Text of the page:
News of offshore fracking upsets lawmakers
August 15, 2013
Two California senators have told the California Coastal Commission that the practice of offshore tracking, which only recently has come to light, is “cause for grave concern.”
Offshore hydraulic fracturing — a method of extracting oil and natural gas — has been occurring off the Santa Barbara coastline.
Senators Hanna-Beth Jackson (D-Santa Barbara) and Noreen Evans (D-Santa Rosa), who represent coastal districts, told Mary Shallenberger, commission chair, in an Aug. 8 letter that many unanswered environmental questions still exist regarding onshore fracking.
The pair is asking additional studies of potentially negative impacts.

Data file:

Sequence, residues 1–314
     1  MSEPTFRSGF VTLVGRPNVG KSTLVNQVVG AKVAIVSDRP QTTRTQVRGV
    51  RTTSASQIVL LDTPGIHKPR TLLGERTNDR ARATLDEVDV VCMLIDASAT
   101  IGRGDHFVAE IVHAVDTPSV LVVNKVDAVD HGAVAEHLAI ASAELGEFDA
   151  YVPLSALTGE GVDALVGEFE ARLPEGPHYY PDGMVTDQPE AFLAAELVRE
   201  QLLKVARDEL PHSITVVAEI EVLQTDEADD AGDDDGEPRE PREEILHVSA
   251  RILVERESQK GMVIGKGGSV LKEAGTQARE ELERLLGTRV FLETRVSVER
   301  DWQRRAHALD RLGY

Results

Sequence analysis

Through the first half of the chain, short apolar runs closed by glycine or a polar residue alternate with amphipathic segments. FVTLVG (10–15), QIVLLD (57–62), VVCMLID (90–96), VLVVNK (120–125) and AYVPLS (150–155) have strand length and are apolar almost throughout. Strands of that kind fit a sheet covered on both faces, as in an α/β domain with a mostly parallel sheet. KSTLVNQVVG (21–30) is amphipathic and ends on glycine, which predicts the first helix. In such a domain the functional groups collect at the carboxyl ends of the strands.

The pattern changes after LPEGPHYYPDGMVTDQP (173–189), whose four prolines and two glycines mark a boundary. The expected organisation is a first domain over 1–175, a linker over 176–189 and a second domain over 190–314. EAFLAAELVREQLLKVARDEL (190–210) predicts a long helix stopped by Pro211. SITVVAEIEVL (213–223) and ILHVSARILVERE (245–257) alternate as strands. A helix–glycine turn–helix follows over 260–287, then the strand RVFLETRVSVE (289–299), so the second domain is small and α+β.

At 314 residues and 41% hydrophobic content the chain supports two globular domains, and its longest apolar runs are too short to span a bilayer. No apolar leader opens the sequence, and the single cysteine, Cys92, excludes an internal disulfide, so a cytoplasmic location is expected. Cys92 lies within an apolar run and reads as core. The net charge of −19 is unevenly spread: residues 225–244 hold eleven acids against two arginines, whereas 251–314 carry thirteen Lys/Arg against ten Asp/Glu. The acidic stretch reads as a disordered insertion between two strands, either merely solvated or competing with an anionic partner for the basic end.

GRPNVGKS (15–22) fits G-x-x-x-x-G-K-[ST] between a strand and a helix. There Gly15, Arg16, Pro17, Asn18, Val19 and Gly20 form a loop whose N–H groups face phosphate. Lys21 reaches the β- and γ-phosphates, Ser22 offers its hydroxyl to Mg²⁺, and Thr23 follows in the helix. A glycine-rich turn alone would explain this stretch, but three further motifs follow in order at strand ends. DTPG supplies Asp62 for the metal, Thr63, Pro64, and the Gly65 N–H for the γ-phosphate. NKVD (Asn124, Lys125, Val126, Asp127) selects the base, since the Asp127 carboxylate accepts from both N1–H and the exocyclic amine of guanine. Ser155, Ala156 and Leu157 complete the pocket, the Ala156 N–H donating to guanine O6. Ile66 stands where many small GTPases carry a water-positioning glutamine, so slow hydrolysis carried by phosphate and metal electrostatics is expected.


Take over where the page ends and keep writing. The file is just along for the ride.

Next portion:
“There is even greater uncertainty regarding the impacts of offshore hydraulic fracking,” they wrote, adding, “We believe there is cause to conclude that fracking constitutes a change in the type and intensity of use that should trigger permit reviews in state waters, and federal constituency review in federal waters.”
The lawmakers said that enough is known about “proven and potential impacts of tracking fluids” to justify additional investigation.
In the fracking process, fluids are injected into the ground to break up rock formations and release oil and gas. It is controversial because of its potential effect on subterranean water supplies.